Mike Bloomberg is self funding his campaign and with a personal fortune of $65 billion. His campaign spending could be essentially limitless. With this amount of money he could radically outspend Trump (who only spent 0.3 billion on his 2016 campaign) and seriously upset the campaign ad market prices thanks to the competitive bidding process.

Under current law, losing candidates are allowed to donate "unlimited transfers to a local, state, or national political party committee." Does this mean that if the DNC nominates another candidate, Bloomberg could donate his billions directly to the DNC to help Biden or Bernie defeat Trump? Or is he limited by campaign finance law to only donate the maximum of $2800? Does this change if he drops out, or does he technically still have to be running to avoid campaign finance law violations?

Update: Bloomberg has dropped out. Previously he has pledged to pay for his nearly 500 staffers to continue working through November to support whoever the DNC nominates. They will be "independent" so this doesn't violate campaign finance law.

  • Not my downvote, but he clearly could fund [Super]PACs etc. Whether he'd be motivated to do so when he's not on the ticket is a different matter... Commented Mar 2, 2020 at 20:16
  • To make the question more clear, are you including or excluding SuperPACs? Commented Mar 2, 2020 at 20:37
  • @Fizz As far as I understand SuperPac donations are unlimited anyway, so my question is about direct campaign funding. Commented Mar 2, 2020 at 20:39
  • 1
    Why do you expect the [direct contribution] law to have some loophole for Bloomberg (as a donor) then? There's no loophole for "members of the (same) party" as far as I can tell. Commented Mar 2, 2020 at 20:40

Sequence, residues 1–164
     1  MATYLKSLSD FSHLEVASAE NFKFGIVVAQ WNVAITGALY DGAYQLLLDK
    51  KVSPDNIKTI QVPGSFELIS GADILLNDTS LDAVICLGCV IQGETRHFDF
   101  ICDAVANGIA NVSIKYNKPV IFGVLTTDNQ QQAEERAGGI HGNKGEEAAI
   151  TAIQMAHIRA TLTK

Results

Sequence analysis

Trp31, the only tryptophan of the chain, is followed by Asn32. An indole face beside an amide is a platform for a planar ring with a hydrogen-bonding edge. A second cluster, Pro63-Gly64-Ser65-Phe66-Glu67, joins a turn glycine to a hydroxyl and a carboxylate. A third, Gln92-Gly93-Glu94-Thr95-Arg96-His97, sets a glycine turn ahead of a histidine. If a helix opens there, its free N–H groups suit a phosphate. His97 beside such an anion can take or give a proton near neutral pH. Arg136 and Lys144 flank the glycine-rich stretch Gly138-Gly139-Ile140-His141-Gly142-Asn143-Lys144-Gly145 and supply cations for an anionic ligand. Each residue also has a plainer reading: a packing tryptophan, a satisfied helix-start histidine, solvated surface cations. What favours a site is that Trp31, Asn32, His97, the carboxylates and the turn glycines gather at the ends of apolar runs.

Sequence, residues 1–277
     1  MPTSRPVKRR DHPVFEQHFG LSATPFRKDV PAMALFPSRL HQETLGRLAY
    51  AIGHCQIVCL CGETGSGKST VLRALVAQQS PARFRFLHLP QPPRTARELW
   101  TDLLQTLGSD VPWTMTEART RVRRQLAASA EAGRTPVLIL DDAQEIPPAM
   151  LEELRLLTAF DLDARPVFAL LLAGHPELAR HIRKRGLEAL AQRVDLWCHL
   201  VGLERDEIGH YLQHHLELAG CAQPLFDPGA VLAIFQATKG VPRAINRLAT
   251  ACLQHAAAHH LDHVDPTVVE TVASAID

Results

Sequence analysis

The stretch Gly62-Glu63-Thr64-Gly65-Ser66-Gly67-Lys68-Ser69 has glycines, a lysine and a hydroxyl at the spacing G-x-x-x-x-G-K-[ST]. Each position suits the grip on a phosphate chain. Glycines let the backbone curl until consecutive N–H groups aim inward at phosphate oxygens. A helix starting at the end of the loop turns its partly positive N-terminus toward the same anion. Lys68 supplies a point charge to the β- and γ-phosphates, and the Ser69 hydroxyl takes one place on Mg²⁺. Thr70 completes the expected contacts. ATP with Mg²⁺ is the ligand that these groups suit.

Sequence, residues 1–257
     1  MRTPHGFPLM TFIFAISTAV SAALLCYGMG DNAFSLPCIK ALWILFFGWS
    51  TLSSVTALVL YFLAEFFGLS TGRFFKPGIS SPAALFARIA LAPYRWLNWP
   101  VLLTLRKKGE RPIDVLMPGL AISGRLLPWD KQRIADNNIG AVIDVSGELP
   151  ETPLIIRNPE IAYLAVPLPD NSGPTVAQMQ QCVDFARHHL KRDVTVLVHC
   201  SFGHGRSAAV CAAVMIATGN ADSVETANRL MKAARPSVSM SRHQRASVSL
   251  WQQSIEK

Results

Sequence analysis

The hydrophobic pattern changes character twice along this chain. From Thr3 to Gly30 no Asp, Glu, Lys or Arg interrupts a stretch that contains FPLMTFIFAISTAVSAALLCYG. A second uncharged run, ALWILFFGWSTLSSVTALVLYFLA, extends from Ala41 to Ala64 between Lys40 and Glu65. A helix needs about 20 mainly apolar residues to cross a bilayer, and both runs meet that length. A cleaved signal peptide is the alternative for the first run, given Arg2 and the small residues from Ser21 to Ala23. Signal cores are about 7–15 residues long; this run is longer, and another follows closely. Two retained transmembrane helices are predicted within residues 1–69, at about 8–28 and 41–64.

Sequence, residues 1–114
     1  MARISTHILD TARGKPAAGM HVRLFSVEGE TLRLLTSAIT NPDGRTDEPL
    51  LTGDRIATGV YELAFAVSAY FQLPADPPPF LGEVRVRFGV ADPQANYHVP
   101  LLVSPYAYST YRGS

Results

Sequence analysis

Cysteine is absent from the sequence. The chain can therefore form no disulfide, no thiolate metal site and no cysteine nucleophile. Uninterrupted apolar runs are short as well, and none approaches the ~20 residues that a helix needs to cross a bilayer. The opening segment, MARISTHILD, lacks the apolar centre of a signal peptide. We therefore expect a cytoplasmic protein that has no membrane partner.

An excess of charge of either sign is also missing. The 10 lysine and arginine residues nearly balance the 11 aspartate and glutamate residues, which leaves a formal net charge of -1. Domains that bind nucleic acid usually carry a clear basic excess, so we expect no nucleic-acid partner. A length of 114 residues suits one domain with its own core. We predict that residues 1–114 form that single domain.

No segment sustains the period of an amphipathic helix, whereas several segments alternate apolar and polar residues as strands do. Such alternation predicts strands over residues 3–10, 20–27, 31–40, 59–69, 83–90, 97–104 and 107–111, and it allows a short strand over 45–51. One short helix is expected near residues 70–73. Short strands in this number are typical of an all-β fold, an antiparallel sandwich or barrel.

• 2
    @Fizz "Any presidential loser with money left in the bank can use it for a future bid for office, donate it to a charity or political party, or contribute it to another candidate." - mcclatchydc.com/news/politics-government/election/… Commented Mar 2, 2020 at 20:41

1 Answer 1


Bloomberg can donate some contributions from other people to another campaign or to charity (there's some rules there). The FEC requires self-funding to be reported

When candidates use their personal funds for campaign purposes, they are making contributions to their campaigns. Unlike other contributions, these candidate contributions are not subject to any limits. They must, however, be reported.

There's another rule here about contributions to a primary

General Election Refunds

If you donated more than $2,700 to a presidential candidate who dropped out of the race before the general election, you can anticipate a refund. According to the FEC rules, official candidate committees must return any money contributed towards the general election if they do not win the primaries. Since an individual can contribute a maximum of $2,700 for each election, primary and general, any more than $2,700 would have been allocated to the general.

In other words, after Bloomberg's campaign has been wound down, Bloomberg will probably get some of whatever is left.

Beyond that, Bloomberg can only donate the personal max or start a Super PAC like everyone else.


You must log in to answer this question.

Not the answer you're looking for? Browse other questions tagged .